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Medicare Settlement and At-Home Care

Jimmo vs. Sebelius, takes away the “improvement standard” that left out chronically ill and elderly patients because they hoped to maintain their condition, rather than get better with care.

This Medicare settlement may save people from needing more expensive care, such as in hospitals or nursing homes, and makes it easier for people to qualify for at-home skilled nursing.

For example, a nurse who monitors someone with diabetes or a heart condition to make sure he takes his medications and has good vital signs may keep him from needing emergency care.

Allowing more patients to receive home health care services could cost the government more initially, but several experts say it could save money in the long term. 

In her article posted on, Medicare Settlement Would Expand At-Home Carewriter Kelly Kennedy explains that under the settlement, the Department of Health and Human Services agreed to change guidelines to allow skilled nursing and therapy services for people who cannot prove that their medical conditions can improve.  This does not include basic care such as cooking or bathing.  More than 10,000 who were denied skilled care before the settlement will also be allowed to try again.

Kenneth Thorpe, chairman in the department of Health Policy and Management at Emory University states, “Ninety-five percent of health care costs come from those with multiple chronic health issues, and monitoring those could substantially lower costs.”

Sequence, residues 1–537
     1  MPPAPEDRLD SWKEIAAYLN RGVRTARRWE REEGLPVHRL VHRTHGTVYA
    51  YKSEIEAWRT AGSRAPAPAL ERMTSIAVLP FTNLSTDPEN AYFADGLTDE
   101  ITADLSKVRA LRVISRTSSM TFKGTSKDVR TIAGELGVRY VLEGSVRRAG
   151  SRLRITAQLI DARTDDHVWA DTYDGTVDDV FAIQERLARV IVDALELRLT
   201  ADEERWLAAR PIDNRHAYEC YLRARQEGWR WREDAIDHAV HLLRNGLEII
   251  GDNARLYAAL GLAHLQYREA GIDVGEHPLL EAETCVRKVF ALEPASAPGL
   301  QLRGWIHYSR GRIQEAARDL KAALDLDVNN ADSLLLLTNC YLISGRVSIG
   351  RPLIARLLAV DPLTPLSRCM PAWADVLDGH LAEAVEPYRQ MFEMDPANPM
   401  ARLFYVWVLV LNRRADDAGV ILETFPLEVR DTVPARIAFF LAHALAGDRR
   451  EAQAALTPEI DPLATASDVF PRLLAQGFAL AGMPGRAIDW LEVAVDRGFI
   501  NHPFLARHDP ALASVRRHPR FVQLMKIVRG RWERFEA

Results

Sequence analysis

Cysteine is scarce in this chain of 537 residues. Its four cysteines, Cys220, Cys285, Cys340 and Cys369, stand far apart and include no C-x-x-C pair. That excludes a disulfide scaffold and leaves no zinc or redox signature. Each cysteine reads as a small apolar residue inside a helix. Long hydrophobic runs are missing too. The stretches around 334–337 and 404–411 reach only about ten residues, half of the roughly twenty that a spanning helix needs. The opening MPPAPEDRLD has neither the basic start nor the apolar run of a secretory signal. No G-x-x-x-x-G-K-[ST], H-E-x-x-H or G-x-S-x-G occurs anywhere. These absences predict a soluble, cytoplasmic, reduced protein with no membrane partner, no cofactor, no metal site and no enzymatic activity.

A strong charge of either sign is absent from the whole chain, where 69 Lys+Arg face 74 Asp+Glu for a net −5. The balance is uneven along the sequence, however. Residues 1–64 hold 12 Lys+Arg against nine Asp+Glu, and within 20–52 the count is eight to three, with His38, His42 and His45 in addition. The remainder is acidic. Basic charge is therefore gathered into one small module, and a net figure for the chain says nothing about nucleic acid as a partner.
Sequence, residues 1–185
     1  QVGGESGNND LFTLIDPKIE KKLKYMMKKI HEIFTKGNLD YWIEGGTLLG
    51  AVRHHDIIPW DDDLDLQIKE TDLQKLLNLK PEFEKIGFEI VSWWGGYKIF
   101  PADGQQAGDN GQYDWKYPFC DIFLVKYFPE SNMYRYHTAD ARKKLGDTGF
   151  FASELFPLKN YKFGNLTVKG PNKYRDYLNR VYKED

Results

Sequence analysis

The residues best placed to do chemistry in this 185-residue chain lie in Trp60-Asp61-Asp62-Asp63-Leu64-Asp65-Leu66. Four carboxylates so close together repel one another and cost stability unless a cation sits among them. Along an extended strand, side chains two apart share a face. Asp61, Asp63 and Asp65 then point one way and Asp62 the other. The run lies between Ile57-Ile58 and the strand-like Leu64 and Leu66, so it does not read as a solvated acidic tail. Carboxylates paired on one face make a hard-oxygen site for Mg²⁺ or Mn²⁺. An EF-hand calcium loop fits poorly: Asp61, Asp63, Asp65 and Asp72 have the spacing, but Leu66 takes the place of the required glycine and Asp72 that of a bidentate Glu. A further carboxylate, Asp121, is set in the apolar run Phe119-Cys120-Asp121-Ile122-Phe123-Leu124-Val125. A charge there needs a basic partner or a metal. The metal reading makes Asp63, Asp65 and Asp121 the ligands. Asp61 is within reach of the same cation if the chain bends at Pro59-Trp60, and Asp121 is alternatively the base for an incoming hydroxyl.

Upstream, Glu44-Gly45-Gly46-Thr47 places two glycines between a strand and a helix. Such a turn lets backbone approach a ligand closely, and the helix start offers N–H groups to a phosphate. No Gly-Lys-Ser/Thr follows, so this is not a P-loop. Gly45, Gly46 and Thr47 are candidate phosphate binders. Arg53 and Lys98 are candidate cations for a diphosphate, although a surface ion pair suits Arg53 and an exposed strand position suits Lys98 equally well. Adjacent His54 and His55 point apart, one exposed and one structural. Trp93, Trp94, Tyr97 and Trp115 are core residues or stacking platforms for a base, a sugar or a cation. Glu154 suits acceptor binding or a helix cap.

Health and Human Services spokeswoman Erin Shields Britt explains that under this proposed settlement, Medicare policy would be clarified so that claims from providers will be reimbursed consistently and appropriately.

And, Joanne Lynn, director of the Center for Elder Care and Advanced Illness at the Altarum Institute, commented, “The decision makes it clear that Medicare has to cover skilled services when the aim is to maintain function or to slow the rate of decline and that is huge.”

Medicare patients often leave the hospital with no follow-up care, and one in five head back to the hospital within one month of admission, often because they don’t understand doctors’ instructions, they take medications that don’t interact well with each other or they simply don’t have what they need at home. That costs Medicare billions of dollars every year. Calculating savings, however, isn’t a simple matter.

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